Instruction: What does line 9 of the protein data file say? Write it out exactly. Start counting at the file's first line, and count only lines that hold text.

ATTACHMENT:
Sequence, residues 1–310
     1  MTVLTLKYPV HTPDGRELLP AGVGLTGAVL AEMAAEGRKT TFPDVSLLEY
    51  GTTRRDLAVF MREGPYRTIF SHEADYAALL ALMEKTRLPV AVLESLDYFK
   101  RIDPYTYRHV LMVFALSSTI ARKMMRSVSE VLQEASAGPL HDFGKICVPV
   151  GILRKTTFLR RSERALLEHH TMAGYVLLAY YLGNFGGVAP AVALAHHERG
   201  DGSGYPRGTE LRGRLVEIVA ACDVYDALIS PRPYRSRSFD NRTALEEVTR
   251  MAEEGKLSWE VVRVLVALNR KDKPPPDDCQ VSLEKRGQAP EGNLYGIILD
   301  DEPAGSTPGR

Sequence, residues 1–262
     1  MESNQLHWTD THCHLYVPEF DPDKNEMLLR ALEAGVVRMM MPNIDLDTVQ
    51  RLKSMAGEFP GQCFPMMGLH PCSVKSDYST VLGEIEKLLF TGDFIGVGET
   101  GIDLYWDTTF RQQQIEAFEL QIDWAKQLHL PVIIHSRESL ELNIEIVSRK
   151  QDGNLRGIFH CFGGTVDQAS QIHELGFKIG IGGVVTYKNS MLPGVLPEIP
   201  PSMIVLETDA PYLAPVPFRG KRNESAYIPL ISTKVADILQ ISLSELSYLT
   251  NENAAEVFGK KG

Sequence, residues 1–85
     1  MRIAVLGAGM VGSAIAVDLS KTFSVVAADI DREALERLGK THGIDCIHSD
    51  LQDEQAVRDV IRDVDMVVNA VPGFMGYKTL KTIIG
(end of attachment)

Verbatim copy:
Sequence, residues 1–262